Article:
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The World

Moldova Retains Pro-West Leader

President Vladimir Voronin captures substantial support from the opposition, dealing a new blow to Russian influence.

April 05, 2005|David Holley | Times Staff Writer

MOSCOW — The pro-Western president of Moldova won reelection by Parliament on Monday in a vote marking a fresh setback to Russia's policies in post-Soviet states.

President Vladimir Voronin's solid victory with 75 votes in Moldova's 101-seat legislature consolidates a shift by the country of 4.4 million people toward closer ties with the European Union and the United States. Voronin leads the Communist Party, which holds 56 seats, indicating that he won substantial support from opposition lawmakers as well as his own party.

Building close ties between Europe's poorest country and the rest of the continent is now a "consistent, irreversible and natural process," Voronin told Parliament on Monday, the Russian news agency Itar-Tass reported.

Moldova's Communists came to power four years ago on a pro-Moscow platform, but under Voronin's leadership the party turned away from Russia, partly because of a bitter dispute over the separatist Trans-Dniester region.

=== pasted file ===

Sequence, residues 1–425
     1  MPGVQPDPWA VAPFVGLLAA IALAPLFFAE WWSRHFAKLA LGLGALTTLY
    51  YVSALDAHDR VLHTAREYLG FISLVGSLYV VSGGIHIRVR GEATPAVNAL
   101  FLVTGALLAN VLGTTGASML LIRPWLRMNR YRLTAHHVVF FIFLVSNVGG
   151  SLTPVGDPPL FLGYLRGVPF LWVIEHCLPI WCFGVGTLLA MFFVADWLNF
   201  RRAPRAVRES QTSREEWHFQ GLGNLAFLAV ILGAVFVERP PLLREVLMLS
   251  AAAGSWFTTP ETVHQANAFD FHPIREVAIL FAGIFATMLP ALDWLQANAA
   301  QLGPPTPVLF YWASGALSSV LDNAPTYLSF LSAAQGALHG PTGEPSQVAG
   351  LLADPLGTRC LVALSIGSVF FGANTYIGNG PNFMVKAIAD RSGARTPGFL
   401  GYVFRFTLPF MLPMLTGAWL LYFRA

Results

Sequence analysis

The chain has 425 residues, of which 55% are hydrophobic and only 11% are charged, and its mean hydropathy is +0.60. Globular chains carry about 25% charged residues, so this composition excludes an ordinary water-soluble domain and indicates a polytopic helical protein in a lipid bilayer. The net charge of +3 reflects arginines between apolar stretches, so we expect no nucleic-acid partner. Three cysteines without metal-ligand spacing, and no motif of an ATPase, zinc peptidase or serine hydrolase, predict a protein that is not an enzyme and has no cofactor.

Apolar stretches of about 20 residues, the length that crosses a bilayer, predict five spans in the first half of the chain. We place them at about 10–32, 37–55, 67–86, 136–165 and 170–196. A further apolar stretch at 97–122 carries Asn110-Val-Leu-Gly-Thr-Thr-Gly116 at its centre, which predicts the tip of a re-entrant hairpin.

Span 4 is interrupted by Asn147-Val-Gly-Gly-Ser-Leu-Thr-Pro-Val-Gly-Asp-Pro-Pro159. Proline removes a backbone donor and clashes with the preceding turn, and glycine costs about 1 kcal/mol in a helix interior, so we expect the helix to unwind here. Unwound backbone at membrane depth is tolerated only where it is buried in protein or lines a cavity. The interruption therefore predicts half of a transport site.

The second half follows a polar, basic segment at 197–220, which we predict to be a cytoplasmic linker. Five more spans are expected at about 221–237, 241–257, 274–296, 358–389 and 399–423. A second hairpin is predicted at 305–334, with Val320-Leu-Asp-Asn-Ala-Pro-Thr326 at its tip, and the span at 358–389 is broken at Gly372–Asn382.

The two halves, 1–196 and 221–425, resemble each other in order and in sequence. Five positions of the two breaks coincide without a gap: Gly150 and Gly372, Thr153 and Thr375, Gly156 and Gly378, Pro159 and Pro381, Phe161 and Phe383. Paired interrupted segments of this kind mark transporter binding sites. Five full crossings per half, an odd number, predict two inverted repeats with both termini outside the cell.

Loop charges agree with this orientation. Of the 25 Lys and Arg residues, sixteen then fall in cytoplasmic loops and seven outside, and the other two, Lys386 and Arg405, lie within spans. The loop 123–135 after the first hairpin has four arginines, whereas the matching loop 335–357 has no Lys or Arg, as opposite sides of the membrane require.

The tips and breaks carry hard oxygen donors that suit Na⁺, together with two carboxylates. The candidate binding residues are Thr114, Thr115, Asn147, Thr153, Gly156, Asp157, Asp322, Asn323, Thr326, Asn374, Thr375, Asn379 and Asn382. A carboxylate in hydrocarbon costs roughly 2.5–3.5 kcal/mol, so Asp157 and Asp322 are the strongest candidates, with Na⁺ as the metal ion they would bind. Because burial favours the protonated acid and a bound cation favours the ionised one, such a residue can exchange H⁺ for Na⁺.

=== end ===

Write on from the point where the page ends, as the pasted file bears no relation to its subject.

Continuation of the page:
That border territory, a narrow strip of land located east of the Dniester River, has a majority ethnic Russian and Ukrainian population and a breakaway government supported by about 1,200 Russian troops. Moscow views its forces as peacekeepers, but Voronin has demanded their withdrawal.

He renewed that appeal in a speech before Monday's vote, describing the Russian presence in Trans-Dniester as an anachronism. "It is our obligation to make our country the way we want to see it, so that our country will be able to sit at the table of the European Union as an equal in all respects," Voronin told Parliament after the vote.

Moldova's new focus on ties with the West follows political upheavals in Georgia in 2003 and Ukraine last year that brought to power democratic reformers determined to deepen relations with the U.S. and EU. In the last month, opposition leaders also have come to power in another former Soviet republic, Kyrgyzstan, through a largely nonviolent popular revolution.

Anatoly Tseranu, an opposition member of Parliament from the centrist Democratic Moldova bloc, applauded Voronin's bid to gravitate toward Europe in a telephone interview from Chisinau, the Moldovan capital.

"As of today, the Communists have turned this country's face toward the West and are trying to do away with Moldova's excessive dependence on Russia," Tseranu said. "For Moldova, it is a good thing because the Russia factor dominated Moldova's foreign and domestic policy agenda for far too many years."

But Tseranu predicted that because of its Communist roots, the party will fall short of reaching its new goals.

"At best, Voronin's team is capable of pushing this country toward Western standards," he said. "But that is far from being the same thing as developing a truly Western democracy."

Alexei V. Kuznetsov of The Times' Moscow Bureau contributed to this report.

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